Micro builds are a popular subject on Cuusoo. It makes a lot of sense actually. The very popular Minecraft set was a micro build, the small form factors are ideal for having a lot of narrative content while keeping the costs down, and relatively small quantities of micro builds in the standard LEGO line keeps it novel.
T-brick's Medieval Micro Modulars are one of my favorite examples of the "theme" as its specific subject matter distinguishes it from the rest of Cuusoo mini builds, and it goes beyond the architecture and actually models a bustling street.
In addition to my regular posting, I have a few statements from Tim Courtney, LEGO Cuusoo Community Manager, who I was able to interview at SXSW Interactive.
First to clear up this "Modular" business, of course there are no Medieval Modulars in production (though that would be cool). The "Modular" in the name of this project is stated to show the correlation between this project's concept and the Modern Mini Modulars set 10230. Each of these five buildings is designed to stand alone, or fit together in various arrangements, just like the 10230's.
One aspect of this project that really appeals to me is that even though the scale greatly limits T-brick's building options, each of the five buildings is truly unique with minimal repetition of technique
I must say, this donkey and cart is one of the finest minimalist mini builds I have ever seen.
T-brick does seem to be drawn to extremes though. If you like their miniature builds you should check out their 4000+ piece Neuschwanstein Castle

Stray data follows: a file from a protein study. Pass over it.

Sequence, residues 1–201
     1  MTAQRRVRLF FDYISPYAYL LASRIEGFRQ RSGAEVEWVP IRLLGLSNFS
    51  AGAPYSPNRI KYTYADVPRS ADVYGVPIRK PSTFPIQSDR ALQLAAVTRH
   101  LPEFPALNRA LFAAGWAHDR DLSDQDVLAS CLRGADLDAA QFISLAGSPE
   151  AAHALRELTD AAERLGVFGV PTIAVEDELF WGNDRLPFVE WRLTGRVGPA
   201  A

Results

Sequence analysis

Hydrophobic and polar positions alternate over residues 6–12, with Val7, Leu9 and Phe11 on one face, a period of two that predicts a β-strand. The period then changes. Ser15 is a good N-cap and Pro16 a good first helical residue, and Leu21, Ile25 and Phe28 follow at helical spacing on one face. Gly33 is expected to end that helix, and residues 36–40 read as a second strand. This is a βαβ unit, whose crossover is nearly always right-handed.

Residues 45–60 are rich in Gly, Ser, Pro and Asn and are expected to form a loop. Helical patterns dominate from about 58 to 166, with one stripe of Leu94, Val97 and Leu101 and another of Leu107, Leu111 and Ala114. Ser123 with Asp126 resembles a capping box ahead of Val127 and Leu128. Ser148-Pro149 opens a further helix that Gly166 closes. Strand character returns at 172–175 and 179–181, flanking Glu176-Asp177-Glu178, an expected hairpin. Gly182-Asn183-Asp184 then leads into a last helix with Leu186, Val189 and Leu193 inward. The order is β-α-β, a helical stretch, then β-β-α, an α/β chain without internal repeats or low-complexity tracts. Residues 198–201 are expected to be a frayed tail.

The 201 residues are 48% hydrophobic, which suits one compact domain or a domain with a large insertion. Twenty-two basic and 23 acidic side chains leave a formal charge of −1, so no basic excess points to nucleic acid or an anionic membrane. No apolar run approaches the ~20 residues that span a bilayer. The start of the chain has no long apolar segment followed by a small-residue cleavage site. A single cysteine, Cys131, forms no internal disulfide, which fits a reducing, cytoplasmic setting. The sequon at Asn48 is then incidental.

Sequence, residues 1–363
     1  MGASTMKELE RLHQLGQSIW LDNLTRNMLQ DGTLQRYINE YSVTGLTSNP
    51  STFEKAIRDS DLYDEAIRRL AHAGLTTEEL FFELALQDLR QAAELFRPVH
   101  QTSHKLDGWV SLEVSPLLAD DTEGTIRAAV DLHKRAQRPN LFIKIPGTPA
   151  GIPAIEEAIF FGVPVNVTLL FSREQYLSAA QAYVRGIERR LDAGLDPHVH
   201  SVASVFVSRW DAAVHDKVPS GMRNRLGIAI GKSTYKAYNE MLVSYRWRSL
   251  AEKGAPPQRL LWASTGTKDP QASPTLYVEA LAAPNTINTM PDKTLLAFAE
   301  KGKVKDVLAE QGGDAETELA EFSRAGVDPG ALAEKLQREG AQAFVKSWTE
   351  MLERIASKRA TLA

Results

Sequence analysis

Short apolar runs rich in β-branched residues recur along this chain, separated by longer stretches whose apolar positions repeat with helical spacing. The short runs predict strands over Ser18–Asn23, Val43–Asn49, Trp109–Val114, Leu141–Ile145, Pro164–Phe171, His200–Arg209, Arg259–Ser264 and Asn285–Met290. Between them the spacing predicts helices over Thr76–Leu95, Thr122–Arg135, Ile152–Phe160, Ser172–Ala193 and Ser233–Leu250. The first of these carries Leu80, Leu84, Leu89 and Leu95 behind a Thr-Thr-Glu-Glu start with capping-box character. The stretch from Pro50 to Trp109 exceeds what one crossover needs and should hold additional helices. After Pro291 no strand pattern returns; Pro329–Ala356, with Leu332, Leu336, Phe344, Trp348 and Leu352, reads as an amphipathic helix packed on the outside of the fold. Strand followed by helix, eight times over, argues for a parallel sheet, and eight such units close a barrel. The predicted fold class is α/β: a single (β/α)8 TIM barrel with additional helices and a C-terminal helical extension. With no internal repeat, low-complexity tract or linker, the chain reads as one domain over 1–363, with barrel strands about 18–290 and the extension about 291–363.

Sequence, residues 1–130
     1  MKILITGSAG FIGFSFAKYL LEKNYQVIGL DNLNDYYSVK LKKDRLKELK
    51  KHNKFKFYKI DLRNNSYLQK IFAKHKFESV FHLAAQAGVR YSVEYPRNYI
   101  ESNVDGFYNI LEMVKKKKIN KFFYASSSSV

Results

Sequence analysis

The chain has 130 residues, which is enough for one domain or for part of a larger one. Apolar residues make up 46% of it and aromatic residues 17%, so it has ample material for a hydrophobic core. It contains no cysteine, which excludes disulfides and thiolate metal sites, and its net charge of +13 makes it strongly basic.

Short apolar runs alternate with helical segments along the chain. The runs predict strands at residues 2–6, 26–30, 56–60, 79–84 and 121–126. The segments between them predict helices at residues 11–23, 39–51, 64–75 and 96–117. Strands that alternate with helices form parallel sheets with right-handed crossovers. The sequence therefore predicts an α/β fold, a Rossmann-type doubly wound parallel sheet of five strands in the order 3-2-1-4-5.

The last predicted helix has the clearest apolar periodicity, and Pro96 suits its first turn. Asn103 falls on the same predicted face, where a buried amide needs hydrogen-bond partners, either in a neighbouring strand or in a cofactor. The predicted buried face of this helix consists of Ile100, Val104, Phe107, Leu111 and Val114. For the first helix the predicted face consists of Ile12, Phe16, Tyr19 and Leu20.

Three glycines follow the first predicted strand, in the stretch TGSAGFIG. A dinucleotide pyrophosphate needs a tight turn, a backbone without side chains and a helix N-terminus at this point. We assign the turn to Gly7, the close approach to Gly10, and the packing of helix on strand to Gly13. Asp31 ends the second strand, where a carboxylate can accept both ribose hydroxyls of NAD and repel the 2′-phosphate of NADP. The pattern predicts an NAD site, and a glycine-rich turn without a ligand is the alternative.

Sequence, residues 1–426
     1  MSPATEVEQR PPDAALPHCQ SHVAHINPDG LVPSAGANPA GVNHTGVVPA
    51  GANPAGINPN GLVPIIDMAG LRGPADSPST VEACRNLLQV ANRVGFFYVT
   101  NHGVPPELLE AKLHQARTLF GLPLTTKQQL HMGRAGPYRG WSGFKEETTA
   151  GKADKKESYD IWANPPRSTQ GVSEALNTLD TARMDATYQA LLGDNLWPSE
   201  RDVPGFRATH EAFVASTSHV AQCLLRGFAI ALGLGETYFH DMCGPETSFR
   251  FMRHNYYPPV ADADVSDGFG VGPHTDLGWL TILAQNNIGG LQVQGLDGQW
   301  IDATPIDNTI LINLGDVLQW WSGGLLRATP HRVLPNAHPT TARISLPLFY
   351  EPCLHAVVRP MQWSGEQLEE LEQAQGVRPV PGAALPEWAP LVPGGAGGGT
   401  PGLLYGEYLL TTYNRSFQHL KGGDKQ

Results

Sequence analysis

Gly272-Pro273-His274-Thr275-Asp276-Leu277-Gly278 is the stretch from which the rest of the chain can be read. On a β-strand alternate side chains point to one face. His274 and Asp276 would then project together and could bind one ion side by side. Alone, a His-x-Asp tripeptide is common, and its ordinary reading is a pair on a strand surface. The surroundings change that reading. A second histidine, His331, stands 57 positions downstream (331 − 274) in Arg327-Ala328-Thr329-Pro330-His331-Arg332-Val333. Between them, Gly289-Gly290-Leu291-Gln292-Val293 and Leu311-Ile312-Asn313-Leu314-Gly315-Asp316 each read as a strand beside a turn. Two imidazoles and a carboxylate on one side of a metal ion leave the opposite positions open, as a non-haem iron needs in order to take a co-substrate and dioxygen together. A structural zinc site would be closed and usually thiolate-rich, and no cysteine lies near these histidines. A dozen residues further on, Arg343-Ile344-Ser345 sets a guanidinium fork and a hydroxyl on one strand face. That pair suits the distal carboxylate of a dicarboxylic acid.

Interview with Tim Courtney
Tim Courtney is the Community Manager of LEGO Cuusoo. That means he does a little bit of everything: moderation, pre-publication review, short and long term strategy planning, and is for most intents and purposes the public face of Cuusoo.
You take a lot of pride in the models you create, it’s what we at the LEGO Group call “Pride of Creation”, and it’s part of our Play Promise. So, it is natural to us that you want to see your own work immortalized as a LEGO set. However all products released by LEGO CUUSOO must follow the LEGO Group’s design standards, so it isn’t possible to release a model exactly as you design it. We see a lot of comments from fans worried about the model submitted and how it will be interpreted in the LEGO Review.
What is the biggest misconception about Cuusoo that you would like to clear up?
There's no way to game the system and guarantee a positive outcome by building a model a certain way. Also, while we try to be consistent (and try to make forward-looking decisions), past precedent doesn't guarantee a similar decision in the future. My community management team makes all decisions about the Guidelines and House Rules, and the LEGO Review board makes all final decisions about what gets produced as a LEGO CUUSOO set.
I'd like to be able to share more with everyone about the limits of what is possible. For example, people frequently ask if there's a size/price point limit (there is none, but model size does affect the business case). As we refine our processes through the beta, I hope we can more transparently define the scope of what we can make, to help you submit more effective projects.
A week of Cuusoo
This week, my favorite new project was the C.C.S. Gryphon followed closely by a Totoro homage and a uniquely scaled typewriter. A very impressive U.C.S. T.M.N.T. was also published that is certainly worth a look for any fan.
My review of these projects, a showcase of most of the projects that came out in the last week, the rest of my interview with Tim Courtney, and a few images of my latest personal project, The Discworld, can be found here.
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